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Timeline: How the city, province, and federal government have responded to the COVID-19 pandemic
Out-of-bounds ball hockey nets are seen in a park in downtown Toronto on Wednesday, April 1, 2020. The city has seen increasingly stricter measures to ensure social distancing in the fight against COVID-19. THE CANADIAN PRESS/Colin Perkel
Web Staff , CP24.com
Published Friday, April 3, 2020 4:54PM EDT
Last Updated Friday, April 3, 2020 4:56PM EDT
Here is a timeline of the measures the City of Toronto, the Province of Ontario, and the Government of Canada have taken to help slow the spread of COVID-19:
March 12: The province announces that all publicly funded schools in Ontario will be closed for two weeks following March Break in response to the COVID-19 pandemic.
March 14: Canada recommends against international travel and advises those returning from outside of the country to self-isolate for 14 days.
March 16: Canada announces plans to close the border to most people who are not Canadian citizens or permanent residents. The federal government also promises $82B in economic aid. Toronto public health officials recommend all bars and restaurants in the city halt dine-in service by midnight.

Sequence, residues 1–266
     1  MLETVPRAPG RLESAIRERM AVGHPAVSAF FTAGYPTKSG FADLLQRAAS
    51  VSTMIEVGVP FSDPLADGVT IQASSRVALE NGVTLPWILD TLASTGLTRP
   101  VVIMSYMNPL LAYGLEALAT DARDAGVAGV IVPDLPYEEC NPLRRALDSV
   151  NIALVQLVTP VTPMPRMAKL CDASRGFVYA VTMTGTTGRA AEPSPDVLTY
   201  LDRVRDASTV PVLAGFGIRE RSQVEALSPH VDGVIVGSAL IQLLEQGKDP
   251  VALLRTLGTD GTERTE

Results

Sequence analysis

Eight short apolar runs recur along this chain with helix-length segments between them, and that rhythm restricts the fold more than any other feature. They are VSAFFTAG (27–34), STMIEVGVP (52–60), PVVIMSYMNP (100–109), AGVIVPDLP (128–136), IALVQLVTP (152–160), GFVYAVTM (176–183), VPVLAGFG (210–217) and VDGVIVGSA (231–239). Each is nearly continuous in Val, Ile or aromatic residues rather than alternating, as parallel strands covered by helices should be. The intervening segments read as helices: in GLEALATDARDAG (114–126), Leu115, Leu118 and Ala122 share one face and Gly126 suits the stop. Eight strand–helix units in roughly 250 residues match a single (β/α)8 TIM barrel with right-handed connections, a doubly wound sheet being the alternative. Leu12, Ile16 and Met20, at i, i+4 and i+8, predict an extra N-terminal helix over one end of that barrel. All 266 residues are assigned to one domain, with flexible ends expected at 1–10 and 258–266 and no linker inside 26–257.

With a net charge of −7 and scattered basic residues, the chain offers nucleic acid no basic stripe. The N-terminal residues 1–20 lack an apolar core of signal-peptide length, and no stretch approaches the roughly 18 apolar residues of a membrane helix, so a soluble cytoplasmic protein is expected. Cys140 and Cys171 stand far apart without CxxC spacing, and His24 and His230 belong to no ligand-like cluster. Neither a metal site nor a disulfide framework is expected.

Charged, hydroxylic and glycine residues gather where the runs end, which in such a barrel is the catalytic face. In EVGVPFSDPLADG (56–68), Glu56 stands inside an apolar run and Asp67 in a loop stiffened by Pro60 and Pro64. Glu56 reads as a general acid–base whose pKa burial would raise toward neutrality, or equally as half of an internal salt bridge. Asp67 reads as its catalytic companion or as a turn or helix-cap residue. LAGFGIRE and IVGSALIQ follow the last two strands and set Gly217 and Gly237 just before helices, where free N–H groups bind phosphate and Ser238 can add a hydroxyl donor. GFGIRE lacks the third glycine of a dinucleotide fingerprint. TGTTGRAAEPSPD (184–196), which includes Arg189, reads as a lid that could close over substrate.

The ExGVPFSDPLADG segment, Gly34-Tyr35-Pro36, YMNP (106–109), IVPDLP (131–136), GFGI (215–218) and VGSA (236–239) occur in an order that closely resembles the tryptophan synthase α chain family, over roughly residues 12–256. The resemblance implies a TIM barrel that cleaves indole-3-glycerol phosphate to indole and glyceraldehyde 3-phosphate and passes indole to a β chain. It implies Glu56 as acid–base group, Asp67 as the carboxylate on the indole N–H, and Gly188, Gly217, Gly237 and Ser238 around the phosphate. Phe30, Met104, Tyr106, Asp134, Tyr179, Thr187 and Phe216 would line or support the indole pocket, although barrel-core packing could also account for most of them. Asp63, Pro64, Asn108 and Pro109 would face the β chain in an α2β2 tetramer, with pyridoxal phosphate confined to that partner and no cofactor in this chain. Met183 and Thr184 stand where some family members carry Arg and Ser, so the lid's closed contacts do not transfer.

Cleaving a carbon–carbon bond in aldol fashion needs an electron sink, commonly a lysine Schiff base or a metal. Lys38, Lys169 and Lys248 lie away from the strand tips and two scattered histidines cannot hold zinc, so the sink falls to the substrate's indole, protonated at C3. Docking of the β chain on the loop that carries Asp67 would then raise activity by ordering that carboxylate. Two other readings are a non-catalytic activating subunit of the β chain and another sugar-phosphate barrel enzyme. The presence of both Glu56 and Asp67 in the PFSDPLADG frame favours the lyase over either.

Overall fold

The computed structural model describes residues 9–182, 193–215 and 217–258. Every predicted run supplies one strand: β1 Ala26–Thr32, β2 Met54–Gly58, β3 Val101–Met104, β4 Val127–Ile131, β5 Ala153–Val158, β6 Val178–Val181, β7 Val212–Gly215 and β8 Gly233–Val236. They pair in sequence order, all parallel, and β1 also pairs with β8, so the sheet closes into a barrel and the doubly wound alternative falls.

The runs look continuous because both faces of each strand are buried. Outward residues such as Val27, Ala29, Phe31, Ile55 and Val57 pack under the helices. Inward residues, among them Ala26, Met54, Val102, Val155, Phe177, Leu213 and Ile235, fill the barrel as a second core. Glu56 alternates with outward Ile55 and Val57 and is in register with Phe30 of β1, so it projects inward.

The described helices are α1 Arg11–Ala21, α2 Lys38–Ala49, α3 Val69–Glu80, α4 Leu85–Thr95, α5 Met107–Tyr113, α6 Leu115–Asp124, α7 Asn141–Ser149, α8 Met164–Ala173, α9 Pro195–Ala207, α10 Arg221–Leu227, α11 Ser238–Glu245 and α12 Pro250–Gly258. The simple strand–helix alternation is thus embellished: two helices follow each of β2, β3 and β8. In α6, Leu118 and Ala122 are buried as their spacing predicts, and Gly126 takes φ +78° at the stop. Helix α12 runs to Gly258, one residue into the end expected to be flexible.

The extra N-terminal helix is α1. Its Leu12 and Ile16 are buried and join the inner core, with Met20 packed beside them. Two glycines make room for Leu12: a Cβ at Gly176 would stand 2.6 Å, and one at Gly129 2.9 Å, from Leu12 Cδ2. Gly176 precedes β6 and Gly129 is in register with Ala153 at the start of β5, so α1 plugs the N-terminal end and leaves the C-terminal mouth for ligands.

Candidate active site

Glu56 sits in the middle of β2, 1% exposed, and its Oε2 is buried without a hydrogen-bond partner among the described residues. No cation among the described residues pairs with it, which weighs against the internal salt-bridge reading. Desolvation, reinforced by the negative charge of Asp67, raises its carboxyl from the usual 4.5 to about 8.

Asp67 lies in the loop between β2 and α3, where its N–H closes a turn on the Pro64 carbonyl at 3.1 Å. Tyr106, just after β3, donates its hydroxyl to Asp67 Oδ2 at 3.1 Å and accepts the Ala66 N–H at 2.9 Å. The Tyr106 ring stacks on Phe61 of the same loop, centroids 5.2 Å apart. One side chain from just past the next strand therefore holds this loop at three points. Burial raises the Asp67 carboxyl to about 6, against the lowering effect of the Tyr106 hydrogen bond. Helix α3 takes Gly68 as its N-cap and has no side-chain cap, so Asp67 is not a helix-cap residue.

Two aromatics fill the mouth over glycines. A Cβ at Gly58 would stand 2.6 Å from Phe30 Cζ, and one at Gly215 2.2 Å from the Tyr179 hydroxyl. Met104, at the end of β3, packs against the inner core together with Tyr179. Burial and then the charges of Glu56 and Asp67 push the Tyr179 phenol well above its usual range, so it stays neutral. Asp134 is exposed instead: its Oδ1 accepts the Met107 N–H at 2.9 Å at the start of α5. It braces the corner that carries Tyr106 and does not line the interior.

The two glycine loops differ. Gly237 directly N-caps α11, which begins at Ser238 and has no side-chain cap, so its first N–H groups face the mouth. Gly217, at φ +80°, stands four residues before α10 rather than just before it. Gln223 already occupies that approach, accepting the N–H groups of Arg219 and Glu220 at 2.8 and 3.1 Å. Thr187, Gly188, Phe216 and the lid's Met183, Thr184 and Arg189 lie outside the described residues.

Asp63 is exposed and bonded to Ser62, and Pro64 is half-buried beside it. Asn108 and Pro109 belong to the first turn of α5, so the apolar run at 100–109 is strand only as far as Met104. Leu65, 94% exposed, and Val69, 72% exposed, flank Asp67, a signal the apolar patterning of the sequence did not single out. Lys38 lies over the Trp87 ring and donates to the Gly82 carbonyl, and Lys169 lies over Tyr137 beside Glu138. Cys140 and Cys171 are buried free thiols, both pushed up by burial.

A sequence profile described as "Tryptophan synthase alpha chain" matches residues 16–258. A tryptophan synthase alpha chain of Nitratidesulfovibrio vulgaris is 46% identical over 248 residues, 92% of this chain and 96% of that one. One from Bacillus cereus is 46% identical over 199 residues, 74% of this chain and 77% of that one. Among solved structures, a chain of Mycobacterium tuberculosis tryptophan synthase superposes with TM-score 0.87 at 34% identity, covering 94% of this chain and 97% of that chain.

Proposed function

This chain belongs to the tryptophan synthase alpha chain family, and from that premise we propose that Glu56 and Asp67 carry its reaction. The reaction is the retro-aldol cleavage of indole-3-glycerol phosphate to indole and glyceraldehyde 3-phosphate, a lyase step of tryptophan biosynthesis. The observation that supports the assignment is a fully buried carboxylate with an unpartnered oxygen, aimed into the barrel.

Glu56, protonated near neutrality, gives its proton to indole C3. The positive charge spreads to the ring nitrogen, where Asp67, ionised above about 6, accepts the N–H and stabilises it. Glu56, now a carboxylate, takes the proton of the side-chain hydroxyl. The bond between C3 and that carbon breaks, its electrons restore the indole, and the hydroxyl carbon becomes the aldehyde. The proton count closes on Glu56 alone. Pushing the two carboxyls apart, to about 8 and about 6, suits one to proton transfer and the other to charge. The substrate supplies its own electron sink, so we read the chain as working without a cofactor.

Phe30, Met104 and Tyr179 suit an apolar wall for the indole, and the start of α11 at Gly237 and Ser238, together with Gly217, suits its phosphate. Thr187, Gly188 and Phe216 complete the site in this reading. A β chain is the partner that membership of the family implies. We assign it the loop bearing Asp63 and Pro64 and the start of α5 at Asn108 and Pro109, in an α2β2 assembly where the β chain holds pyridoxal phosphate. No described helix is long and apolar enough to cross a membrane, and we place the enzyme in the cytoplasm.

March 17: Ontario Premier Doug Ford declares a state of emergency in response to the pandemic.
March 18: Prime Minister Justin Trudeau announces that Canada and the U.S. have agreed to temporarily restrict all non-essential travel across the border.
March 23: Premier Doug Ford orders the closure of all non-essential businesses in Ontario for 14 days and Toronto Mayor John Tory declares a state of emergency in the city.
March 25: The federal government announces it will start enforcing 14-day quarantines on travellers under the Quarantine Act. The City of Toronto orders the closure of all facilities within public parks, including playgrounds, off-leash dog areas, and sports fields.
March 30: Ontario orders the closure of all communal or shared, public or private, outdoor recreational amenities everywhere in the province. The province also extends the Declaration of Emergency and all associated emergency measures, including the closure of non-essential businesses.
March 31: The province announces that Ontario schools will remain closed until at least May.
April 2: Toronto residents who do not live together are ordered to stay two metres apart in public parks and squares under a new bylaw signed by the city’s mayor.
April 3: The province extends the list of non-essential businesses that must now close, including non-critical industrial construction projects.